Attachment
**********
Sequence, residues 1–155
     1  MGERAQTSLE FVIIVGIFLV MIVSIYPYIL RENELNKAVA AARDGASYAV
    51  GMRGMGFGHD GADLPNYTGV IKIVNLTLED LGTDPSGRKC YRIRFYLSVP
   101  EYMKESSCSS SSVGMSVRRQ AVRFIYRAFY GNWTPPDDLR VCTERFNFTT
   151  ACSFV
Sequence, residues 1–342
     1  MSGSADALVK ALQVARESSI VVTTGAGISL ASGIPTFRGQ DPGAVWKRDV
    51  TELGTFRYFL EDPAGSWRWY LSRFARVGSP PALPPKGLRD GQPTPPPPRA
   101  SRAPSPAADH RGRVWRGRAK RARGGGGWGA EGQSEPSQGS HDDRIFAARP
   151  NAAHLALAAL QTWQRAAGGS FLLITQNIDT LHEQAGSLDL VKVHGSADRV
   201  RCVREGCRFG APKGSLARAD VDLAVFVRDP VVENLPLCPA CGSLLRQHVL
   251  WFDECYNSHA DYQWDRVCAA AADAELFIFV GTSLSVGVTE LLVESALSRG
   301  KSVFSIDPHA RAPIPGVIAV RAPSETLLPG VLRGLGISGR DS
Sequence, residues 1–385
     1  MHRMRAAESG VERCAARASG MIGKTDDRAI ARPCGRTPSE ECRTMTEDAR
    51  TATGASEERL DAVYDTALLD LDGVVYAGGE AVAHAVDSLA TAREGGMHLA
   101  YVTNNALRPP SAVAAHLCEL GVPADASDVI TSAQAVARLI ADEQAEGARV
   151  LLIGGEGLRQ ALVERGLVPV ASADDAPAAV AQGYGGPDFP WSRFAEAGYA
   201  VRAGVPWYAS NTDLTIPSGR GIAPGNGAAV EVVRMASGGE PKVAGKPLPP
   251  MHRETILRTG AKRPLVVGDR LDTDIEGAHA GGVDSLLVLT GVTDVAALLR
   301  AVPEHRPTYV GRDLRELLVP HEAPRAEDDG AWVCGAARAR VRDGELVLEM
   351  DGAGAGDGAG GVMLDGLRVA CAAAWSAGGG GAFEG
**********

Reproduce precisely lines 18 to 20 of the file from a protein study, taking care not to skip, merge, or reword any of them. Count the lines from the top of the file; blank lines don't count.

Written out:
   151  LLIGGEGLRQ ALVERGLVPV ASADDAPAAV AQGYGGPDFP WSRFAEAGYA
   201  VRAGVPWYAS NTDLTIPSGR GIAPGNGAAV EVVRMASGGE PKVAGKPLPP
   251  MHRETILRTG AKRPLVVGDR LDTDIEGAHA GGVDSLLVLT GVTDVAALLR